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Controversy over EUSA update on release of exam dates

ByIlinca Barsan

Oct 7, 2014
courtesy of edinburgh tab

Last week, Edinburgh University Students’ Association (EUSA) published an update on the prospect of releasing exam dates earlier, stating there was no way to release the exam timetable earlier than week seven of the semester without compromising provisions for students with disabilities.

This update by the sabbatical officers followed a petition for the release of earlier exam dates last term, signed by over 2,700 students and delivered by the International Students Action Group Convenor Maxwell Greenberg.

The update recommended that international students book their flights for the end of exam period, or wait until the exam timetable is released.

The sabbatical officers stated in the update: “Giving students a large window of opportunity to come forward to request learning adjustments allows the University to cater not only to an increasing number of students requiring reasonable adjustments overall, but also to those whose disabilities are only identified after they have started studying, or who have tried to pursue their studies initially without requesting adjustments.”

This update has been met with criticism, some of which accused the University of using access as an excuse for lack of investment in the issue, and condemning the sabbatical officers for abandoning the issue.

Responding to the negative backlash online, the sabbatical officers have released an update on the update, stating that while “releasing the exam dates earlier in the semester would not be possible”, they were looking into other solutions to the issue.

They said: “Following our update earlier this week about the issue of the release of exam dates we would like to clarify that the door has not been closed on this issue – we take all concerns brought to us by students very seriously and do everything in our power to bring about a positive outcome for our members.”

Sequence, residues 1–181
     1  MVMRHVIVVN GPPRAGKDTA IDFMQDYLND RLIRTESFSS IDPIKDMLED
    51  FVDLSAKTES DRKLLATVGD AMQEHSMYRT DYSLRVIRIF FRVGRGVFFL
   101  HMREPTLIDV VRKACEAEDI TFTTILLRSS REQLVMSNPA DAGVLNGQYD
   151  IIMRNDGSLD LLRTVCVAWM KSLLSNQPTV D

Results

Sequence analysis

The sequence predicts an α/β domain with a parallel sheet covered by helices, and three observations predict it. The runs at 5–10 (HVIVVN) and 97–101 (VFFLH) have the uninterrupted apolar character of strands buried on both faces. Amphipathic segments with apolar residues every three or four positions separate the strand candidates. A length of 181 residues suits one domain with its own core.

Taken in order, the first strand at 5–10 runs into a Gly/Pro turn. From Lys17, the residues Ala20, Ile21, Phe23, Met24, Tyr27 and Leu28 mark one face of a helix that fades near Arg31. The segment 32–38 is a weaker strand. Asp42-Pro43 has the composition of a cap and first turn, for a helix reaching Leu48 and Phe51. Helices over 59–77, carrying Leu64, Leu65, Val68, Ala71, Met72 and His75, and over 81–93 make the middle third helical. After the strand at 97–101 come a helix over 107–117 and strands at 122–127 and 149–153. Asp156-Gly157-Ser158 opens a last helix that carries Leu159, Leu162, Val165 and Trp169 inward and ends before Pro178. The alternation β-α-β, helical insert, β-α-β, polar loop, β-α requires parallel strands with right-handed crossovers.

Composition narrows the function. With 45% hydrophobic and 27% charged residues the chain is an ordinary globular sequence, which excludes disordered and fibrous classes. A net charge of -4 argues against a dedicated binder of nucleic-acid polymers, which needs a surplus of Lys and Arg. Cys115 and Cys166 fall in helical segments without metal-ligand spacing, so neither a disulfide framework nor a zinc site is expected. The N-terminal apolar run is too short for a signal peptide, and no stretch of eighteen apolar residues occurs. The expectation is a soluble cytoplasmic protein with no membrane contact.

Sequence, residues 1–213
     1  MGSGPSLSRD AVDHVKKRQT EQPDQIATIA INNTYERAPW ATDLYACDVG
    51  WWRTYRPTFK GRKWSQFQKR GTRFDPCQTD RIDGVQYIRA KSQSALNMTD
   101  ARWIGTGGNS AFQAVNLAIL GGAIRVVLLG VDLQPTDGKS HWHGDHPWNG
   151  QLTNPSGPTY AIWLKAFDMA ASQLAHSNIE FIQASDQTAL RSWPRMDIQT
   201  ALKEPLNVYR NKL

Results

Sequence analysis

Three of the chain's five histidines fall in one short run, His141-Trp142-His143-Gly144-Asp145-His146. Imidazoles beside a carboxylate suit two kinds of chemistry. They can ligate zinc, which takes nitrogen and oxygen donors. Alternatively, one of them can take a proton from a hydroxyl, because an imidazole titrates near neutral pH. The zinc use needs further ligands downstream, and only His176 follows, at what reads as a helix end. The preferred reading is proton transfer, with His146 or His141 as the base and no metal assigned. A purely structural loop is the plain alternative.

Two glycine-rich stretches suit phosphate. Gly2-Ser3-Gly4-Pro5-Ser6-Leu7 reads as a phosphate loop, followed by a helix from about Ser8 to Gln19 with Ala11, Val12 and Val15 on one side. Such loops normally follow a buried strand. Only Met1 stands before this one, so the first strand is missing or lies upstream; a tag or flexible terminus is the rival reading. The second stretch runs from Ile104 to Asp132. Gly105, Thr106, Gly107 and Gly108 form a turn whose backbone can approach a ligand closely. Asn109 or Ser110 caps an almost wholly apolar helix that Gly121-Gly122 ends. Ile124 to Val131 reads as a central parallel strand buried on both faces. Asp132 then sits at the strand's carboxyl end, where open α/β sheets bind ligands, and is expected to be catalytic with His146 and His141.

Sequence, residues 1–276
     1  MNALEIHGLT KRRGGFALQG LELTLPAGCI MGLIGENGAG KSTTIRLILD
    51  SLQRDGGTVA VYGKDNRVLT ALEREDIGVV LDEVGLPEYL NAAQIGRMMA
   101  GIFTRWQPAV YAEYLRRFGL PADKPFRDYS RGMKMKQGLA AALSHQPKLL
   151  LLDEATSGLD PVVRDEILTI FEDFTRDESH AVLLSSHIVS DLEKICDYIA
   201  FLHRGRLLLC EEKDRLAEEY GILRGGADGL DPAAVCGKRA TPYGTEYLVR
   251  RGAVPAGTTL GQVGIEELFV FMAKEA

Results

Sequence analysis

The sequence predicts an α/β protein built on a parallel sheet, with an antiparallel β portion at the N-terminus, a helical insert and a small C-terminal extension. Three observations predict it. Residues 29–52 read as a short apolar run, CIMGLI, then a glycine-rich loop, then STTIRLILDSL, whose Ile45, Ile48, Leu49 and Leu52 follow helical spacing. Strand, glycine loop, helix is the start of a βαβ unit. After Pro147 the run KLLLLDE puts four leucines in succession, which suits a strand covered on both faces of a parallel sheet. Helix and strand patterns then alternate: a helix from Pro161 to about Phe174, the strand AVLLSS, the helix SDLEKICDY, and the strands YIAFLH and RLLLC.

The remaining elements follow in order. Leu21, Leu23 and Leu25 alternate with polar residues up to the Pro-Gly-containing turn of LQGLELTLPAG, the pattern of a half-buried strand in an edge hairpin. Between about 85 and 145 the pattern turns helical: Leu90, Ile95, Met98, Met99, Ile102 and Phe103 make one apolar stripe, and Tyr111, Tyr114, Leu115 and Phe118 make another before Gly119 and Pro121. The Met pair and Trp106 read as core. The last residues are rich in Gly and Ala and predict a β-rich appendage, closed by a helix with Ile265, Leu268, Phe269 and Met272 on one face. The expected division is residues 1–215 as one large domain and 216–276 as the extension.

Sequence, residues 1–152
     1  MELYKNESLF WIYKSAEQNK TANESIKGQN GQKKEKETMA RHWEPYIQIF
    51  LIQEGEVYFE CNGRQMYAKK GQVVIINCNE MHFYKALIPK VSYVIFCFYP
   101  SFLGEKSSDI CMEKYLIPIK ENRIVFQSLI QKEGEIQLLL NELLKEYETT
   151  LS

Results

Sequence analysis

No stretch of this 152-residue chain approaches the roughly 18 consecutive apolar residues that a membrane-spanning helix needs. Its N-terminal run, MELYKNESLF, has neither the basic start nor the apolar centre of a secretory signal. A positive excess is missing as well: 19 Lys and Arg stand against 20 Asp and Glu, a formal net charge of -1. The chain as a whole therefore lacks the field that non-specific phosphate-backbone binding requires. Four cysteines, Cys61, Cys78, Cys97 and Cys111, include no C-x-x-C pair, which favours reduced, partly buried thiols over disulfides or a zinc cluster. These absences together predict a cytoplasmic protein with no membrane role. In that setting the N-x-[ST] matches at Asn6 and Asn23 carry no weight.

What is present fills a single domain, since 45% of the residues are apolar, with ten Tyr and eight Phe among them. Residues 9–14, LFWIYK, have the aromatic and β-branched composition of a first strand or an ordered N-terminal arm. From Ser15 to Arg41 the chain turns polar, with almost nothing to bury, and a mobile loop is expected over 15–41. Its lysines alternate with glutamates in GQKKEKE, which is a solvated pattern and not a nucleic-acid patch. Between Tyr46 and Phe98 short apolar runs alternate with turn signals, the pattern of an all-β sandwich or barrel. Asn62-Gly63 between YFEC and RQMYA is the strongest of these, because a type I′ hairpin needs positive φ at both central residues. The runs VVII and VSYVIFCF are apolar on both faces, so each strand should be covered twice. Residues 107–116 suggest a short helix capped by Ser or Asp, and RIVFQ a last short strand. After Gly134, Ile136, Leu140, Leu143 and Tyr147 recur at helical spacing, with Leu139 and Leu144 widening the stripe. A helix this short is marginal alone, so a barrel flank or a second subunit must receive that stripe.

The Academic Committee has invited students to attend a meeting next Tuesday (October 14) at 6pm in Teviot Dining Room, to hold representatives from the University to account on this issue, as well as discuss ideas.

Dash Sekhar, EUSA Vice President Academic Affairs, told The Student: “There are a few details that were missed with the social media coverage – firstly, the EUSA statement on it was an update. The issue was never dropped.”

Responding to the confusion about provisions made for disabled students, Sekhar replied: “The reasonable adjustments that are made for disabled students aren’t simply just University policy – it’s tied into equality, into the allowances that are made.

“I’ve done a bit of research in the past few days and there are similar provisions in St Andrews, Glasgow, and Dundee – it’s common in Scotland due to the flexible degree structure.

“The issue really is the cost of flights; release of exams dates is an issue because flights are expensive, exam dates are an issue because exams exist, so the two things that we are doing now is looking into whether the University could provide better provision for students looking to book flights, or alternatively, pushing for more take home exams, essay options, which alleviates the strain on the exam period currently.”


By Ilinca Barsan

Ilinca Barsan is a 4th year Sociology and Politics student. Formerly News Editor for The Student, she is now Editor-in-Chief. Ilinca also has a passion for smoked salmon, vintage shopping, all things digital, and puns beyond good and evil.

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